Cathepsin Proteases in Pathology

Page: 358

M. Horna, A. Jílkováa,b, and M. Mareša

a Institute of Organic Chemistry and Biochemistry Academy of Sciences of the Czech Republic, Prague, b Department of Biochemistry, Faculty of Science, Charles University, Prague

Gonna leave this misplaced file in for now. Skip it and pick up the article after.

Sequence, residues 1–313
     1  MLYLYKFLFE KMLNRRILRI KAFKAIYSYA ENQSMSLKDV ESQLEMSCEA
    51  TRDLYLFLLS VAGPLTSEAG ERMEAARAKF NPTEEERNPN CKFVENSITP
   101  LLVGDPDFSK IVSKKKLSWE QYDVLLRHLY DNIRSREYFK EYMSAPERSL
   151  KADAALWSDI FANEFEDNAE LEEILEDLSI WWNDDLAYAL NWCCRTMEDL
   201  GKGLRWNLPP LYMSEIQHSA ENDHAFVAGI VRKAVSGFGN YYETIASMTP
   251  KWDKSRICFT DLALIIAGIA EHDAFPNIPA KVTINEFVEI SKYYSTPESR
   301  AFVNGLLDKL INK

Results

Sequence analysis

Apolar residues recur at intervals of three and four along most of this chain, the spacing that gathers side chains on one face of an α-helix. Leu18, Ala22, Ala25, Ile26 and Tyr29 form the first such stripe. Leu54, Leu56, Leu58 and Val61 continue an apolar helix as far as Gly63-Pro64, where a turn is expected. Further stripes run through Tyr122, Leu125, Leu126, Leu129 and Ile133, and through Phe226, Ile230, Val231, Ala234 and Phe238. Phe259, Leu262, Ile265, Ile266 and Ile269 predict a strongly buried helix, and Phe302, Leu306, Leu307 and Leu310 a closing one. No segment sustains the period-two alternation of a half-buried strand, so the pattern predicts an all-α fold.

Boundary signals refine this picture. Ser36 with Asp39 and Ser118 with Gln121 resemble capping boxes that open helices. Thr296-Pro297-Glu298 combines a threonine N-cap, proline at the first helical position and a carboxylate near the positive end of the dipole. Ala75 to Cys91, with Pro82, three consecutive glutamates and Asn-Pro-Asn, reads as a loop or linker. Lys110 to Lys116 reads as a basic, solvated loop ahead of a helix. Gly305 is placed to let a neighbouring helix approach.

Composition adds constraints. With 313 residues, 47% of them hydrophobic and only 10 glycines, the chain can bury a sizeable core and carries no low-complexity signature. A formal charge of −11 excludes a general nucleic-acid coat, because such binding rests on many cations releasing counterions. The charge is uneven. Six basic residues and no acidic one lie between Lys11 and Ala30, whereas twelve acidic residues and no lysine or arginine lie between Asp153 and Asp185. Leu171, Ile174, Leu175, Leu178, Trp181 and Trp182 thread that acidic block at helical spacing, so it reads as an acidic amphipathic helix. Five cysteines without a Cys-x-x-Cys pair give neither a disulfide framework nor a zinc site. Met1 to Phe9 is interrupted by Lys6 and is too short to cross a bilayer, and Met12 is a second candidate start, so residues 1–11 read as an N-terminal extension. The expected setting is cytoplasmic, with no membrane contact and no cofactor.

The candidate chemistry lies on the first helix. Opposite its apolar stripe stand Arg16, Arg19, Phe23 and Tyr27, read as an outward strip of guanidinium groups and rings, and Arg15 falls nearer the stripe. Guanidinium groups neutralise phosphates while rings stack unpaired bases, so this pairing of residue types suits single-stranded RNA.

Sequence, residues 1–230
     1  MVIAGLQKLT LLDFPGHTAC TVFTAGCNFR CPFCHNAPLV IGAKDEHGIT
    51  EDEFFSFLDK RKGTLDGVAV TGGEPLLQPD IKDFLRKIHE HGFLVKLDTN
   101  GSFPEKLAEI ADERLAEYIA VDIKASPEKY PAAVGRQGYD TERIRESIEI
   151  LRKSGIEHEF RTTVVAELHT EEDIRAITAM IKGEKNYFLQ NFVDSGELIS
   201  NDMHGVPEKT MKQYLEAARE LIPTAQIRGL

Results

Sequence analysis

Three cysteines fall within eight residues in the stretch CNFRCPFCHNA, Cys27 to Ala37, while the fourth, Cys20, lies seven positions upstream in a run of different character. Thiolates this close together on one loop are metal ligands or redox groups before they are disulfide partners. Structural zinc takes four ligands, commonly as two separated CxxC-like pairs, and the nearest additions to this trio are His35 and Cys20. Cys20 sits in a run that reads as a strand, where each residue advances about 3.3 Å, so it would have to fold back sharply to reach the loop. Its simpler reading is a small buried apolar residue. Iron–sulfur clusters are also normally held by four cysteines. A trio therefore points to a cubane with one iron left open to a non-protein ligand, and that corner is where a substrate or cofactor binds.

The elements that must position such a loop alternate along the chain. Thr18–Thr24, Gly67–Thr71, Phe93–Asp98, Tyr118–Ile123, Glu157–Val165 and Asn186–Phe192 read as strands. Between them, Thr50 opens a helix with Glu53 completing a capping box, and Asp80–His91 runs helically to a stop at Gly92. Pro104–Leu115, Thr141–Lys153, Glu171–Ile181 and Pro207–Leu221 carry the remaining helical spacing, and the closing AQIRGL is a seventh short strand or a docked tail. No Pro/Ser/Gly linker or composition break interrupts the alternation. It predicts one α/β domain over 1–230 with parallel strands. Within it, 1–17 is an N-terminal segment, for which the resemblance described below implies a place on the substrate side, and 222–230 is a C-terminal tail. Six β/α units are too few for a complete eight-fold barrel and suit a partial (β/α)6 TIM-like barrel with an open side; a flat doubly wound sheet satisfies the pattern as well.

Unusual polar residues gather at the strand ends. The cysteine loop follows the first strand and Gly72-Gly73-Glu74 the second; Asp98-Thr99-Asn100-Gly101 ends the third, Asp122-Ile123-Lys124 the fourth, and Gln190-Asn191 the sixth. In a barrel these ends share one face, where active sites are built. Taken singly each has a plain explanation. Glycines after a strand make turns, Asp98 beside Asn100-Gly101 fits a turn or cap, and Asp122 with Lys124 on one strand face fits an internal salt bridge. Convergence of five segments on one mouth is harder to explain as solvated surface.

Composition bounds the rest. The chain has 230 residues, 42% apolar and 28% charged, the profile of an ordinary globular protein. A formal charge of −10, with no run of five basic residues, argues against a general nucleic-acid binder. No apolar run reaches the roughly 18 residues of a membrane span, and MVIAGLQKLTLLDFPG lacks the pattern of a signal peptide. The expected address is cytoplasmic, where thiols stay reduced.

Cathepsin research is one of the most progressive areas in proteolysis. Cathepsins are a diverse group of eukaryotic peptidases belonging to the aspartic, cysteine and serine classes. They act as both non-specific proteases and as specific processing enzymes in numerous physiological and pathological processes. In humans, their dysregulation is associated with severe pathologies, such as cancer, cardiovascular and neurodegenerative diseases, arthritis, and osteoporosis. Proteolytic systems controlled by cathepsins are a critical part of host-pathogen and host-parasite interactions as demonstrated for cathepsin-like peptidases from, e.g., hematophagous parasites, herbivorous insects and plants. Because of the broad involvement of cathepsins in pathological processes, they are among today’s top-priority drug targets. This review provides an update on the structure and function of pathology-associated cathepsins in humans and human parasites.


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